LS&M economic impact study released
The University of Minnesota Duluth Bureau of Business and Economic Research released an economic impact study Thursday on the Lake Superior and Mississippi Railroad.
The study examined three possible scenarios for the scenic railroad that runs along the St. Louis River through Duluth's western neighborhoods. The first scenario was if the LS&M track stayed the way it is. The second scenario reflected the impact of keeping the track at its current length and also extending the Western Waterfront Trail the full length of the rail line.
The third scenario looks at the potential impact of removing the last 1.8 miles of rail line and extending the trail for most of the route and the portion that would be removed. The rail line would be removed to allow for Superfund cleanup of the former U.S. Steel plant in Morgan Park.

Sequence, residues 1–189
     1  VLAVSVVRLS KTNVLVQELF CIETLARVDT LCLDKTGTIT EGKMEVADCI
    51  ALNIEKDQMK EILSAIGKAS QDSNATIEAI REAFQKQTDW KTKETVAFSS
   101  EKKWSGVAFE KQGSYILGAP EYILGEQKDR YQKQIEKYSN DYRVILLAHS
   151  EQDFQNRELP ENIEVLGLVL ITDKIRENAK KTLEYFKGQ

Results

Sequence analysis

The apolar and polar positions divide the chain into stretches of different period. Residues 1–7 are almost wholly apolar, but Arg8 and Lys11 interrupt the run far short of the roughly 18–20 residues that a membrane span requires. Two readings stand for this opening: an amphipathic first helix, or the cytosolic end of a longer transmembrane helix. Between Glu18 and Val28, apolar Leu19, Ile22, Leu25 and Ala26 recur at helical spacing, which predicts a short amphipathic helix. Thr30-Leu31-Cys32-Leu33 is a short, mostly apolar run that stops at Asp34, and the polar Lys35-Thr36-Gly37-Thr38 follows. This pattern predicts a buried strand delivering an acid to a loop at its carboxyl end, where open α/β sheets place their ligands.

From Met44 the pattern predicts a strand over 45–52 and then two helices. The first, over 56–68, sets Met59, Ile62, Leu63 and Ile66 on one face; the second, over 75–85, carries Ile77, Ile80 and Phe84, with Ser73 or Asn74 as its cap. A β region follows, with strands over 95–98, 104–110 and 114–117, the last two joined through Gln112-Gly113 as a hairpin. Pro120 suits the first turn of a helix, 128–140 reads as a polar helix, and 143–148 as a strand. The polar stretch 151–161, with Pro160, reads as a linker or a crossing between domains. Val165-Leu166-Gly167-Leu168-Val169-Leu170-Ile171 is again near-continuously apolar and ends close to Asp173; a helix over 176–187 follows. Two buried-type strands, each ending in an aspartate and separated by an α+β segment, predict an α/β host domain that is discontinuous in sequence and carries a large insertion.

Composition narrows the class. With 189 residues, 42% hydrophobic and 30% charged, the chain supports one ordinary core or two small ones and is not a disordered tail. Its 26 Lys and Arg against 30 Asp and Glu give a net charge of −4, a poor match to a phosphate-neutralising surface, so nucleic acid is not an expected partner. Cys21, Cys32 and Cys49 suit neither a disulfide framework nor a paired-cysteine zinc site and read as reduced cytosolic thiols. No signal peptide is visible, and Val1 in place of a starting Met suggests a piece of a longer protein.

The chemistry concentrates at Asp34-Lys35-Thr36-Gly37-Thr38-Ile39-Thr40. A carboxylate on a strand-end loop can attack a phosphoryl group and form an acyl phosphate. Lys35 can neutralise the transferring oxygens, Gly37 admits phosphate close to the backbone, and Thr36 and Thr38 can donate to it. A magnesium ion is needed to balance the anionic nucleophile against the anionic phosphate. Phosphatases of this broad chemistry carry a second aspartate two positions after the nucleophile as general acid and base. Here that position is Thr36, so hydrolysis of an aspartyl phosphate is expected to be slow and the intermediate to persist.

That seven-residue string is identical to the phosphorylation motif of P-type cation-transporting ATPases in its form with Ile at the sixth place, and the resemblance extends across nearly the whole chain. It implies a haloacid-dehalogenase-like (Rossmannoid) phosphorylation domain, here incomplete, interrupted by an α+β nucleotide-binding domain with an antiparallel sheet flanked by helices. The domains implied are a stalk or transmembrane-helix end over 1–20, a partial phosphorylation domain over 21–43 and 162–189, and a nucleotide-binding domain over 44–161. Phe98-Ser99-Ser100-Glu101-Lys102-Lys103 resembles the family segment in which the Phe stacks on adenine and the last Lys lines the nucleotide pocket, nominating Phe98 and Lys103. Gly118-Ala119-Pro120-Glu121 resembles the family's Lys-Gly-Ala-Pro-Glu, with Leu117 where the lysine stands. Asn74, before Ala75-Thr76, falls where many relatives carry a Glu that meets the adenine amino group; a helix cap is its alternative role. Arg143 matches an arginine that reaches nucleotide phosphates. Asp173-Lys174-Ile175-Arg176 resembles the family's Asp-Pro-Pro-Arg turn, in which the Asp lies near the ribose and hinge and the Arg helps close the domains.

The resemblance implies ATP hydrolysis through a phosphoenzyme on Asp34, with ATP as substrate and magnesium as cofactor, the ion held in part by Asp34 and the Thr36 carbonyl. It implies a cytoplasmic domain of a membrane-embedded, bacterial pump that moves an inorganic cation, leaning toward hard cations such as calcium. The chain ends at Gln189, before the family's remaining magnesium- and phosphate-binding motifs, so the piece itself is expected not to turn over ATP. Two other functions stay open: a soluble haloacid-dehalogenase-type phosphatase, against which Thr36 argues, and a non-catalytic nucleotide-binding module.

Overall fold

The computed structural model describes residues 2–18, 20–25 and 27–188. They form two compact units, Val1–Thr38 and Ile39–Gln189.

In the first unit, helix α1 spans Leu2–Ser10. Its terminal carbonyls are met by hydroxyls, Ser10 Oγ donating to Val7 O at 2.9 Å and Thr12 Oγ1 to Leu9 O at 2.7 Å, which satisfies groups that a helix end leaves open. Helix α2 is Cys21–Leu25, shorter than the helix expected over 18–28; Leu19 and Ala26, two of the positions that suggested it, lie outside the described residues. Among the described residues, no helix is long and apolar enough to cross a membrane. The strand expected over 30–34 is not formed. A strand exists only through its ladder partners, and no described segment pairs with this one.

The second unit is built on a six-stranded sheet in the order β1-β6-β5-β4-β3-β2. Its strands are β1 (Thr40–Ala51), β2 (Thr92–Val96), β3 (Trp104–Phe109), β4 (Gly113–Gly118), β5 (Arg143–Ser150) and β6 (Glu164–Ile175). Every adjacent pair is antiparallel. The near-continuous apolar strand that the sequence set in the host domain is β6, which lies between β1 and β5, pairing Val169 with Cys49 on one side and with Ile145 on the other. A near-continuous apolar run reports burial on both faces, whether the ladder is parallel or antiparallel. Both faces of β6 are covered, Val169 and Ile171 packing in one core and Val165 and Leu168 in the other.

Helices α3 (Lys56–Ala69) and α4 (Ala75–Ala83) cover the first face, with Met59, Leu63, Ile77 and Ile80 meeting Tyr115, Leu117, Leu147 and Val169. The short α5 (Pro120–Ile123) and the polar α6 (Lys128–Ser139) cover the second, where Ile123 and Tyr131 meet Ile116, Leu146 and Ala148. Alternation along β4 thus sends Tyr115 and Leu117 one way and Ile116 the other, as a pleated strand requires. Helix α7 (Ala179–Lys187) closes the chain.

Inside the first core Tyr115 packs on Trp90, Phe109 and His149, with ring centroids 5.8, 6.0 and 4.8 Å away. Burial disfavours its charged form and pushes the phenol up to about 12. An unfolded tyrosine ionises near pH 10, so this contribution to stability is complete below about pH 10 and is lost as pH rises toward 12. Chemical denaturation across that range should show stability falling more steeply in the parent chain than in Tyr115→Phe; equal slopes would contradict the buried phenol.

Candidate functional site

According to the study, the LS&M's economic impact for 2018 was $1.3 million in output, with visitors spending an average of $40.81 for a day visit and $130.10 for an overnight visit. In the second scenario, according to the study, the train would likely increase ridership by 20 percent.
In the third scenario, according to the study, the train would likely see a 40 percent decline in ridership and and about $400,000 less in visitor spending.
According to a survey given to LS&M passengers, 97 percent of respondents said they would definitely or probably recommend the train ride to others. If the train ride was shortened by approximately 30 minutes round-trip, 61 percent of respondents said they were less likely to recommend the train ride.
A proposed plan regarding the railroad has yet to be brought in front of the Duluth City Council. The Friends of the Western Duluth Parks and Trails community organization asked UMD's Bureau of Business and Economic Research to conduct this study. Although LS&M operates the train service, the rail corridor itself belongs to the city of Duluth.